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Pandemic awareness and planning vital ongoing work

11 March 2005
Pandemic awareness and planning vital ongoing work

NEW research suggesting thousands of New Zealanders could die in an influenza pandemic reinforces just how crucial it is to take the illness seriously and plan accordingly, the Ministry of Health says.

In a paper published in the latest NZ Medical Journalresearchers Nick Wilson, Osman Mansoor and Michael Baker suggest a flu pandemic could see up to 3700 New Zealanders die, with as many as 20,000 requiring hospital care and just over 1 million requiring a consultation with a health professional. They arrived at their figures by using an American model, applied to Statistics New Zealand and census data.

Director-General of Health Dr Karen Poutasi said the figures were sobering, but no surprise to the Ministry which had long been concerned about another influenza pandemic.

"Too often we use the word 'flu' to describe something just a little worse than the common cold - more a nuisance than a threat. However each year normal seasonal flu kills some 90 New Zealanders. For some time we have been worried about the possibility of a flu pandemic caused by a more virulent strain," Dr Poutasi said.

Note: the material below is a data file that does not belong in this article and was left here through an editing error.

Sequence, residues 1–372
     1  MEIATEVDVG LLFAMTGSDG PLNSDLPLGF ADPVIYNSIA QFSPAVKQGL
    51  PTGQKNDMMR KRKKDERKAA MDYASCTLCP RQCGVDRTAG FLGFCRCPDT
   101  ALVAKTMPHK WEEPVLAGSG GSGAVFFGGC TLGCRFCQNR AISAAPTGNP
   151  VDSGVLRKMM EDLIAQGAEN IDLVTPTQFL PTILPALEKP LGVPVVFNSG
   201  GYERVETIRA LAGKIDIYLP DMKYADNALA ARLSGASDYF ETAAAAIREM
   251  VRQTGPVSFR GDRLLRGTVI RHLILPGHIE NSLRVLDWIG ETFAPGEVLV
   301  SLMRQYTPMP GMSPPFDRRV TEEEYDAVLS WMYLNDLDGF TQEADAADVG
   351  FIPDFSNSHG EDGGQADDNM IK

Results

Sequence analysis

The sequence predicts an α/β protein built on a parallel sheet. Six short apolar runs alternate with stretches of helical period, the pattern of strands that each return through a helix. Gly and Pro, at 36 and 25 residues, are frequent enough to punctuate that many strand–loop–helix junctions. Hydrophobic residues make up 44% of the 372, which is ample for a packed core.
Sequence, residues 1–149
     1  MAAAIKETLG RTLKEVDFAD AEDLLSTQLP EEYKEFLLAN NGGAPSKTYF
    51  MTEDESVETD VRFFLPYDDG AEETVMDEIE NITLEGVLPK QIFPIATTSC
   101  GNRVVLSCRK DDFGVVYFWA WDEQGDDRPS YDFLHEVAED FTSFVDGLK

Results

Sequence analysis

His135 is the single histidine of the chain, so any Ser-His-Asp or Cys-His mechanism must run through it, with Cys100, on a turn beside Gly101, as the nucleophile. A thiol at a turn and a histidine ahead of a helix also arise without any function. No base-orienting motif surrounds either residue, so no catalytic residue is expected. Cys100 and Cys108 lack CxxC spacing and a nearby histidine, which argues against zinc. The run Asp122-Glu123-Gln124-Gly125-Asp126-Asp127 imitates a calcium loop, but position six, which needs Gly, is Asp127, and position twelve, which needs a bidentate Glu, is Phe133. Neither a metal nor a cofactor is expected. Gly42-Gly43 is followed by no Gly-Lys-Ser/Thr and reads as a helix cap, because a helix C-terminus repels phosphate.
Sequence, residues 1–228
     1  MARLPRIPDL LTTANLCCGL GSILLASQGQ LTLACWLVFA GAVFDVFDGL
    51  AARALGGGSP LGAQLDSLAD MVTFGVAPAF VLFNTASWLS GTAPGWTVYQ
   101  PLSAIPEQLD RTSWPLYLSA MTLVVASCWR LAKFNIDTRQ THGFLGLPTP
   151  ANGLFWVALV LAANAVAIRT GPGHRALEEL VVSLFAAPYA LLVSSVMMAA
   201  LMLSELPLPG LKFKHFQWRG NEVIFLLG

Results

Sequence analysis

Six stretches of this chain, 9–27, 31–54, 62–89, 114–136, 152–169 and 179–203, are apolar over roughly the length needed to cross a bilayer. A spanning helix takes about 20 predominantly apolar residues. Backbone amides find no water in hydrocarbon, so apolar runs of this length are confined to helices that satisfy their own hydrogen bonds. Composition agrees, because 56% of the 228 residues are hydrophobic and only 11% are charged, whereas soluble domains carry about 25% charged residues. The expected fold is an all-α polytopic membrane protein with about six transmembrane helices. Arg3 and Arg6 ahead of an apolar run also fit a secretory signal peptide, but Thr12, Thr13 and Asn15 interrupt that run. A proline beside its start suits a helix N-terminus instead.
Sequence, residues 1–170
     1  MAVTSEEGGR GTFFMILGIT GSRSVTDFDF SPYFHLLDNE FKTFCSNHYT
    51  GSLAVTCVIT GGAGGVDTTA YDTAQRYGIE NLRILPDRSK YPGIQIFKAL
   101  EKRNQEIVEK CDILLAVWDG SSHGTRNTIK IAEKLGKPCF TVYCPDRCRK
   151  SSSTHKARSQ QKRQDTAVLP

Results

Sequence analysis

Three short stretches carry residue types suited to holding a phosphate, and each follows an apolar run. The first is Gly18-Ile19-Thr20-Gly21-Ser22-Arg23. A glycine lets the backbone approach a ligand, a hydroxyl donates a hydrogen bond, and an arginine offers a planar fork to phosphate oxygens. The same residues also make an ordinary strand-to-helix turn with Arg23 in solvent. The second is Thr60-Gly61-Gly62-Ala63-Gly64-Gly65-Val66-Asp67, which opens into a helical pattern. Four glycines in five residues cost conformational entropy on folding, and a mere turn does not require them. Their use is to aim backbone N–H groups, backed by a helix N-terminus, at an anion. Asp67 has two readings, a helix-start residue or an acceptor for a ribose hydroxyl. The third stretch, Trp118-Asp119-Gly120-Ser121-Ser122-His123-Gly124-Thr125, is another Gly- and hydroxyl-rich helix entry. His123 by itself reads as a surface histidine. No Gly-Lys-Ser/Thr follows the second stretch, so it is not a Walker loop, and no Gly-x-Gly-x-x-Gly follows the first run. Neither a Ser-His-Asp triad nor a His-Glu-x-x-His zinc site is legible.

"Nobody can be sure where or when it will emerge, but the ongoing H5N1 bird flu outbreaks in Southeast Asia have the experts concerned. We need to act prudently and responsibly in continuing to prepare."

Dr Poutasi said it was important to strike a balance between making people aware of the seriousness of influenza, and preventing them being unduly frightened.

"There's no doubting that a pandemic would be a major disaster. Worldwide we could be looking at tens of millions of deaths, as well as huge social and economic impact."

"While there is a lot of work going on internationally to develop a vaccine against H5N1 our best defence locally is planning and preparedness to help us endure a pandemic as best we can."

"In New Zealand we first developed our national pandemic plan in 2002. Since then we updated and refined the national plan and all district health boards have underpinned it with local plans. Given that the World Health Organization just last month recommended that all countries have a national plan we think our efforts in this area give us a good foundation."

Dr Poutasi said it was worth noting that the model which the research team used specifically excluded "effective public health interventions" when estimating the effects an influenza pandemic could have on New Zealanders.

"We believe we do have some effective interventions, and are constantly looking at how we can have more."

"We have just announced an order for a stockpile of antivirals. We are continually updating and refining our plans to look at, for example, ways of assessing and treating sick people with the least possible exposure to others, developing protocols for quarantine and isolation and many other strategies which could lessen the impact of a pandemic. We also have the recent experience of SARS which saw a lot of work with other agencies to implement options for border control - which could help reduce the chances of spreading the disease.

Dr Poutasi said the Ministry of Health commissioned today's research as part of its ongoing work in preparing for an influenza pandemic.

ENDS


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